Mansingh wants national â€کGas Management Centre'

Vol 12, PW 6 (07 Aug 08) People & Policy

Gas and downstream regulator Labanyendu Mansingh has ambitious plans for the country’s gas sector.

PETROWATCH learns the office of the Petroleum & Natural Gas Regulatory Board is examining ways of setting up a national Gas Management Centre to streamline and resolve supply and connectivity issues stemming from the co-existence of different sources and cross-country pipelines feeding the domestic gas market. In mid-July, we hear, the Board commissioned state-owned consultancy MECON to submit a report within four months on what India can learn from other countries and how they oversee and manage their gas markets.

Once submitted, the Board will publish the MECON report on its website and invite industry comments on the best way forward. “One focus area will be how to adopt a uniform formula to determine the capacity of common and contract carrier pipelines so there’s no dispute when the pipeline owner claims he has no more capacity,â€‌ Mansingh tells us.

“Globally four or five formulas are in existence to determine this and we want to adopt one that’s best suited to our conditions.â€‌ Other areas to be examined by MECON will be the highly contentious issue of using gas pipelines to store gas – which the Board plans to outlaw in India.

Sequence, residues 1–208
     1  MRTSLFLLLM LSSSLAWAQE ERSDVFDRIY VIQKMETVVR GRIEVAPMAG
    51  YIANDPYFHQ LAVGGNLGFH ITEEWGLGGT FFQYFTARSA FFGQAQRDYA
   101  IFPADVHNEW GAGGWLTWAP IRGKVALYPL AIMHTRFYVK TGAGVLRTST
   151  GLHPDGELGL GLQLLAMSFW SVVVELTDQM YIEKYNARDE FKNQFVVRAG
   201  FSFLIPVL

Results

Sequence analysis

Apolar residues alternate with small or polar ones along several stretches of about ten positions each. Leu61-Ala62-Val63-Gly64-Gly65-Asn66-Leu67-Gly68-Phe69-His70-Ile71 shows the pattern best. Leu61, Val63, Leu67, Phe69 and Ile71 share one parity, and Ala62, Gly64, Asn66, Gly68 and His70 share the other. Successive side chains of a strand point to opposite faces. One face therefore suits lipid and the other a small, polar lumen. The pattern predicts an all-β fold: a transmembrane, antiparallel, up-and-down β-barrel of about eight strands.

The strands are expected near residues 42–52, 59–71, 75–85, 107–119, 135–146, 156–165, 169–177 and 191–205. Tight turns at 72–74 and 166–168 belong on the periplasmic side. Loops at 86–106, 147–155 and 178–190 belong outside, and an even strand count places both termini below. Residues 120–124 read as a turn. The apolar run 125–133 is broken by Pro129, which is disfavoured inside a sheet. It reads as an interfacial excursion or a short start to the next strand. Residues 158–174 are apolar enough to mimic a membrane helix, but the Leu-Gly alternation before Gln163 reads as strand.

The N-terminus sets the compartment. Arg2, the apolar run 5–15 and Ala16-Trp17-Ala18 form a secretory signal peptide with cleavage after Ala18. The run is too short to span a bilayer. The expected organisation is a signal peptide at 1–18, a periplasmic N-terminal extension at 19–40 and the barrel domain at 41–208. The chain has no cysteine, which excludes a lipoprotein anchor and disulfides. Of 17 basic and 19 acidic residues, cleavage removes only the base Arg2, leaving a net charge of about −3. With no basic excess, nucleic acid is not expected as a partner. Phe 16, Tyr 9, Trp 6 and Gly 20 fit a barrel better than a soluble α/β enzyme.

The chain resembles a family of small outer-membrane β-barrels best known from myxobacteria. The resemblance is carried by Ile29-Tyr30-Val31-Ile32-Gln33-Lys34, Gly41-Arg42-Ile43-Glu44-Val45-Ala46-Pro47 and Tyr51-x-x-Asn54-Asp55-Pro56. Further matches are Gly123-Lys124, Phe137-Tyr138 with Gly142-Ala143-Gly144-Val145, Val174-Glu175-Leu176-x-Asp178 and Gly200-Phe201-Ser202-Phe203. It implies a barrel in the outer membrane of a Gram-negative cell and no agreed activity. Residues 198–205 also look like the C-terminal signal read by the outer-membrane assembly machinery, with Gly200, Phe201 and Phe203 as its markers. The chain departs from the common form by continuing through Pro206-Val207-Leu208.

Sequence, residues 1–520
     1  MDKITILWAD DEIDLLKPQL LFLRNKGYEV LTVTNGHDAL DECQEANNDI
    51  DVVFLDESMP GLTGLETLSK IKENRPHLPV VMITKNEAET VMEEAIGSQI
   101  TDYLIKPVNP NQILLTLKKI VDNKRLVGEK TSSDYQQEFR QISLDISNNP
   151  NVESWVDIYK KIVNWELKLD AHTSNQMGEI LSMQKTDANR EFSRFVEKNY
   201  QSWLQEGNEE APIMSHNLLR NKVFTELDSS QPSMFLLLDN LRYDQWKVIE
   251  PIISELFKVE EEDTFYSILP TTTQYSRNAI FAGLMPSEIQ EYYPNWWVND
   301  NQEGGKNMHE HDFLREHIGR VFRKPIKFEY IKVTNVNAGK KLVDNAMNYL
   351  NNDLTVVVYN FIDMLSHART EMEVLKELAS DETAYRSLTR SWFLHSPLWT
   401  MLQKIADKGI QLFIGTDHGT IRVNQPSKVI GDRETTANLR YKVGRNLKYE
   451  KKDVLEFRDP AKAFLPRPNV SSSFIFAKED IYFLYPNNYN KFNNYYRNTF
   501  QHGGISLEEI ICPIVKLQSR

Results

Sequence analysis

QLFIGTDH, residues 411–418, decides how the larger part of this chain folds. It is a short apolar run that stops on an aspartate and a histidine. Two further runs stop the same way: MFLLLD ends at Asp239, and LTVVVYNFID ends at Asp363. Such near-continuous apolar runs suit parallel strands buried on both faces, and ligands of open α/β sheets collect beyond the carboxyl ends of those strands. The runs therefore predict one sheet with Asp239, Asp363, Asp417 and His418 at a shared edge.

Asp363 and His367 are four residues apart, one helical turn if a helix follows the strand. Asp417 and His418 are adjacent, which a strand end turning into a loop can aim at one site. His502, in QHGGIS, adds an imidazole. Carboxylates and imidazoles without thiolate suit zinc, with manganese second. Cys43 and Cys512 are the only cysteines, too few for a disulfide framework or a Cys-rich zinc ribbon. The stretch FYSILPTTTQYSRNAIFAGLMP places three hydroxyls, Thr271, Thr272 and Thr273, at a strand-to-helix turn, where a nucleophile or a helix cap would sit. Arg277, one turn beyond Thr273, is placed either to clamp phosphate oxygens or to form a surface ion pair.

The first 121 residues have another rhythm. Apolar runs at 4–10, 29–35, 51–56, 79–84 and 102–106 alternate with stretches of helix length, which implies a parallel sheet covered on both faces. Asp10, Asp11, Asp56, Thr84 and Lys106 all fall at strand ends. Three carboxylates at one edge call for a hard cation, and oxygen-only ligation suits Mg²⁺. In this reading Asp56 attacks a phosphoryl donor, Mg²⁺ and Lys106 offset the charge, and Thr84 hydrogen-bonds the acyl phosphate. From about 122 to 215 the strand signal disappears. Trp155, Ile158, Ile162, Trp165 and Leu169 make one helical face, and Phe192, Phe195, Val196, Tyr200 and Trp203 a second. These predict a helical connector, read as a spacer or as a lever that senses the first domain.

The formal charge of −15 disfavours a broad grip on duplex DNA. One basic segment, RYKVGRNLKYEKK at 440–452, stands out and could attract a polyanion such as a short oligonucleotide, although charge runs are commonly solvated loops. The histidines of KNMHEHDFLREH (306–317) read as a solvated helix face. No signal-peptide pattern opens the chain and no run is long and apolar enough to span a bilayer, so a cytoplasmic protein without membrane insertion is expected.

During a fact-finding tour of Gujarat’s LNG and gas installations on July 20 and 21, several companies told Mansingh they are waiting for the Board to take the lead in better managing the gas supply and distribution situation. “Our vision is to develop a national gas grid and a national gas market in India,â€‌ adds Mansingh.

“When gas pipelines criss-cross each other and connect up how do we regulate the gas flowing through them before they reach the ultimate consumer There are also issues concerning excessive withdrawal of gas and a fall in pressure.â€‌ According to Mansingh, south Gujarat is the ideal place to study these issues, especially at the Mora gas hub, which receives gas from at least five different sources at different prices and pressures before reaching consumers.